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Headaches are a common symptom that affect quality of life in midlife women. Several types that have various causes are possible. Headaches may be provoked by a number of factors, including stress, certain foods or beverages, skipping meals, sleep disturbances or changes in sleep patterns, allergies, exercise, sexual activity, and environmental changes such as noise, bright lights or changes in weather or altitude.

Migraines are moderate to severe headaches that involve throbbing or pulsating pain that’s usually aggravated by activity. They’re typically accompanied by sound sensitivity, light sensitivity, or nausea. Hormones may play a role in migraine headaches. Some women may notice that headaches tend to occur at certain times in their menstrual cycle. The fluctuation in estrogen levels in perimenopause may cause hormone headaches to increase. But many women will see these headaches stop once menopause is reached; however, some women will continue to have headaches after menopause.

Tension-type headaches are the most common headache in the general population and are caused by stress and muscle tension. They tend to be mild to moderate, are more steady pressure rather than throbbing, and typically are not linked to sound or light sensitivity or nausea. Unlike migraine, they’re not believed to be hormone related. Most women report that these headaches remain stable or mildly worsen with menopause.

Most headaches will resolve on their own with lifestyle measures or when treated with nonprescription pain relievers. Combining a pain reliever with caffeine may help treat a migraine attack; however, caffeine also may be a migraine trigger for some women. Tension-type headaches also may be relieved with techniques such as stress management, relaxation therapy, and physical therapy.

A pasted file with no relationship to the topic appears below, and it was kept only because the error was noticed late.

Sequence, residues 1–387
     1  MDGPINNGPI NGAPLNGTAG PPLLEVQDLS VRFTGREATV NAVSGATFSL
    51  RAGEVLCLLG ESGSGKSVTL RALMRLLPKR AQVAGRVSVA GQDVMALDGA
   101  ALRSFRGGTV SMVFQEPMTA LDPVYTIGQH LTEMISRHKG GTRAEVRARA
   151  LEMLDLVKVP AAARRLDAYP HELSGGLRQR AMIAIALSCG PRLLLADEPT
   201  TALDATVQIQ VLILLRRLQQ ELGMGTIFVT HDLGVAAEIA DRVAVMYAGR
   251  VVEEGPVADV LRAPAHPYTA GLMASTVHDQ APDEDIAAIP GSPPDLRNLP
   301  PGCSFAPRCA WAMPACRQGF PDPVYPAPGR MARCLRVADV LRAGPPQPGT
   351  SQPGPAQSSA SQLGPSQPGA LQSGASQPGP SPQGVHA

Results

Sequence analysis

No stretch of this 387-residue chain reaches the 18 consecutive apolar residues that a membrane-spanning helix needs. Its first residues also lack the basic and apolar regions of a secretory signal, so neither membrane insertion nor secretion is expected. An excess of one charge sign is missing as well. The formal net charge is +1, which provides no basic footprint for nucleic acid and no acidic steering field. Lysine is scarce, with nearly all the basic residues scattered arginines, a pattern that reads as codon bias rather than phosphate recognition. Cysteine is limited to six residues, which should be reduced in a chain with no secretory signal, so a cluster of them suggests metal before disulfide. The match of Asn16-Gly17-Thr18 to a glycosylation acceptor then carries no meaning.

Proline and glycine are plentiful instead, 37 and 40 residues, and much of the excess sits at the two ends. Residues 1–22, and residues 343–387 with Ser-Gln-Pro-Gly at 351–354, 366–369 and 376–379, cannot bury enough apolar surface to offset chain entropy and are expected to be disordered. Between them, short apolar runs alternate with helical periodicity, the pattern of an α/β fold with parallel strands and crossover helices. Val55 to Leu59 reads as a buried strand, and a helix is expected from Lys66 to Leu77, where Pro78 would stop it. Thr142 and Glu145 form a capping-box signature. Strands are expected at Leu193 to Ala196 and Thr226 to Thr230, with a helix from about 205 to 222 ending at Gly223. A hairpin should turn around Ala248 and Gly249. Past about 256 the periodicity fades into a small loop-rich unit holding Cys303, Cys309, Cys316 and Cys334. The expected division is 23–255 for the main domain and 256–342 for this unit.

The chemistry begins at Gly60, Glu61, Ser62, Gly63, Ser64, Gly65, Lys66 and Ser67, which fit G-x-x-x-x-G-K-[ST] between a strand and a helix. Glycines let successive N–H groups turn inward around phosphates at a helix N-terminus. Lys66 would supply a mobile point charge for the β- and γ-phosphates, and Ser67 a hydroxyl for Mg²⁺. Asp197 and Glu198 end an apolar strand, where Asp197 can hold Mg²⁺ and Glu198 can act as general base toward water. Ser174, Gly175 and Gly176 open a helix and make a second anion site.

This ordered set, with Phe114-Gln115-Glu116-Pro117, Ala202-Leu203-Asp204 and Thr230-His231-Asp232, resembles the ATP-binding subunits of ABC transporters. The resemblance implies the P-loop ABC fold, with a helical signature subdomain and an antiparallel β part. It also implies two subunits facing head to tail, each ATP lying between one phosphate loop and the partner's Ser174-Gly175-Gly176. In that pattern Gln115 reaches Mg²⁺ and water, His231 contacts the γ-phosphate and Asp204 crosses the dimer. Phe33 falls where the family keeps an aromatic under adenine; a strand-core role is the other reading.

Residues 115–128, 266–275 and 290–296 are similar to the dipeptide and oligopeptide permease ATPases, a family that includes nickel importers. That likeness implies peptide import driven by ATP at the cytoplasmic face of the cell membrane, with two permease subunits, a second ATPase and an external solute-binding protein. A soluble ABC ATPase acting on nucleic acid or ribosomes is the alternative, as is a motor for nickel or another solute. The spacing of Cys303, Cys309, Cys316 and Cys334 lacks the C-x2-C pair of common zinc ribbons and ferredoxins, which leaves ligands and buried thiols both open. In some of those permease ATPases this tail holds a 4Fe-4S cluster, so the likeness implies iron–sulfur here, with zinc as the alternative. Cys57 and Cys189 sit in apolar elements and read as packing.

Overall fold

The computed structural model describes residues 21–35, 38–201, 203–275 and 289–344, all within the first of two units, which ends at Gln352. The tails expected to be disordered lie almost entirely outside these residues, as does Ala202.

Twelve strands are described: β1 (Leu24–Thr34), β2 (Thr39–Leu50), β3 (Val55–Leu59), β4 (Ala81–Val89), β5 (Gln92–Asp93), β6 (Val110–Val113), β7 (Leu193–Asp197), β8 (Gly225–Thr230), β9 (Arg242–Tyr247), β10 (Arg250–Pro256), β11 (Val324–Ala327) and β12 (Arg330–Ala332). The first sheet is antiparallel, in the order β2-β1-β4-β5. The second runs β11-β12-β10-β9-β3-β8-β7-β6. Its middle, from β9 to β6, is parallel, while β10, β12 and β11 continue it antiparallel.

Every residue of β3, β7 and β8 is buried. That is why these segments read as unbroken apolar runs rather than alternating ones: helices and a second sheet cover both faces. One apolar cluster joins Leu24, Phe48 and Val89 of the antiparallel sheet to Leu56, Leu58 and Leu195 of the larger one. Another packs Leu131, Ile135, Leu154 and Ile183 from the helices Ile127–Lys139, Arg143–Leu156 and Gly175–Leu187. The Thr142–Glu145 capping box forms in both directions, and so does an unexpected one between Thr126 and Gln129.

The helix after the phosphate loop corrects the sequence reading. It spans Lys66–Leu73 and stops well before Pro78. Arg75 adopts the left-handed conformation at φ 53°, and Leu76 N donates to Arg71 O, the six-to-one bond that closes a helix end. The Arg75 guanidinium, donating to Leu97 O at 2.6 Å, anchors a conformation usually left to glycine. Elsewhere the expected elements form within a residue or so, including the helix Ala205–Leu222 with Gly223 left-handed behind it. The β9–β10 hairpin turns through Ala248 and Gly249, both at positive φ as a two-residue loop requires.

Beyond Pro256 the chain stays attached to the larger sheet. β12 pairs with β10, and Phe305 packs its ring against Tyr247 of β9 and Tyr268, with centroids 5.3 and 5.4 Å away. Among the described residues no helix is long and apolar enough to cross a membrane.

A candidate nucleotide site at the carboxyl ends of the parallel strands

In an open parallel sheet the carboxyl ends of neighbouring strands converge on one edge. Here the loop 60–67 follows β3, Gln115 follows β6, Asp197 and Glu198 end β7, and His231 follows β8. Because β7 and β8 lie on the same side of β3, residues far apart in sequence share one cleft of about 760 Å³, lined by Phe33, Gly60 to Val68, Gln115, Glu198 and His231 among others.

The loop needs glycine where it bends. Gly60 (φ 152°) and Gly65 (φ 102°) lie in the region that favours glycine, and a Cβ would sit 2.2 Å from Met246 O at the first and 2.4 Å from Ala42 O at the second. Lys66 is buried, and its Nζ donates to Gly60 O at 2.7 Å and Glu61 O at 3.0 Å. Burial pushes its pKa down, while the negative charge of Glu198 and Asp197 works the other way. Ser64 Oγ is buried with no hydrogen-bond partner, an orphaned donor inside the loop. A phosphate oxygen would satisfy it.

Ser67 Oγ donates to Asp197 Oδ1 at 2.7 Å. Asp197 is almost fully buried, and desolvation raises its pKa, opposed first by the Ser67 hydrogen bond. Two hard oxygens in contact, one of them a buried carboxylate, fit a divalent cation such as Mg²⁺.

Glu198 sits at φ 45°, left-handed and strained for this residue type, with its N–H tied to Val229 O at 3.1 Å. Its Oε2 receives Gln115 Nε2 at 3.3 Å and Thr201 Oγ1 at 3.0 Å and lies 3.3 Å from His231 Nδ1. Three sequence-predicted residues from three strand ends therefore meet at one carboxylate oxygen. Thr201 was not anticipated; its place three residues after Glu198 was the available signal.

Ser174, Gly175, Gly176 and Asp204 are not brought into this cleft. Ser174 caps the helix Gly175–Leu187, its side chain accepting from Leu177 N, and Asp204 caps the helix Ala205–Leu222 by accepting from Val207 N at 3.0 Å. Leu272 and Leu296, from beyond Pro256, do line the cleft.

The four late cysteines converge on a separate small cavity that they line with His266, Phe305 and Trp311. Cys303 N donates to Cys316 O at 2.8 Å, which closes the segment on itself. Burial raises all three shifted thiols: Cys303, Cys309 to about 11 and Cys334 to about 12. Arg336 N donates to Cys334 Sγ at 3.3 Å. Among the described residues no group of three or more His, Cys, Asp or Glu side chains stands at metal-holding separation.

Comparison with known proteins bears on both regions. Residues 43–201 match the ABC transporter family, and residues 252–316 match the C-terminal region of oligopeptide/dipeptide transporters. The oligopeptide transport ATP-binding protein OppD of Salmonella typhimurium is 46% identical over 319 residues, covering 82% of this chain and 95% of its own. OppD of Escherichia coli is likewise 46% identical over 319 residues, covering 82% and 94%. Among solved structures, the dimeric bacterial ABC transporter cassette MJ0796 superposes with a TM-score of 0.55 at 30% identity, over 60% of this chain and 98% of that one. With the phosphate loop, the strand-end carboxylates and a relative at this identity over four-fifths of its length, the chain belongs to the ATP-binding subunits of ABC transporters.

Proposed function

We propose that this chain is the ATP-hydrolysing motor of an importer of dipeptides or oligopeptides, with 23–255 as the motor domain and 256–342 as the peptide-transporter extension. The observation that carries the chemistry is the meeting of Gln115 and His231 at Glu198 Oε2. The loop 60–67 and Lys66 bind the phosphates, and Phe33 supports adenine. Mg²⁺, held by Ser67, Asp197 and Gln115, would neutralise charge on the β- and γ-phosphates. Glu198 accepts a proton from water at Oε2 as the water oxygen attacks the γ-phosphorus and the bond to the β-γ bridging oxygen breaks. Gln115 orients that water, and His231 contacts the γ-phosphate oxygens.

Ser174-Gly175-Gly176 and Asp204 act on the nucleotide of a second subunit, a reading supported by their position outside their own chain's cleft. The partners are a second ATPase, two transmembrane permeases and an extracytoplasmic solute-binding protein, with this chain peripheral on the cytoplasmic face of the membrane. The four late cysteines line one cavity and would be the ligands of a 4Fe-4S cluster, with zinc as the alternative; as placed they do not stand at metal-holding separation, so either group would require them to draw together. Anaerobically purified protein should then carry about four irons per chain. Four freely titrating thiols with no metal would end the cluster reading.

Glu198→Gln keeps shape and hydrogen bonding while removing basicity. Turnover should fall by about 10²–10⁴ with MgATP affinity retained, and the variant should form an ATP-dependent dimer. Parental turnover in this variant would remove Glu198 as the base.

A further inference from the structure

Some headaches can be a sign of a serious underlying condition and should be evaluated promptly. Any of these symptoms should be reported to a healthcare provider:

  • Occurrence of a “first or worst” headache
  • Progressively worsening headache
  • Sudden or abrupt headache onset
  • Headache that wakes you up from sleep
  • Headache that occurs with a high fever or rash
  • Confusion, dizziness, or weakness with a headache
  • Headache that accompanies unexplained weight loss
  • Headache that differs from all previous headaches

More severe headaches, especially those experienced frequently, may require prescription medications to treat. For women who experience headaches more than 2 days a week, a preventive medication can help to reduce headache frequency. Seek the advice of a healthcare provider if headaches are bothersome and recurrent.

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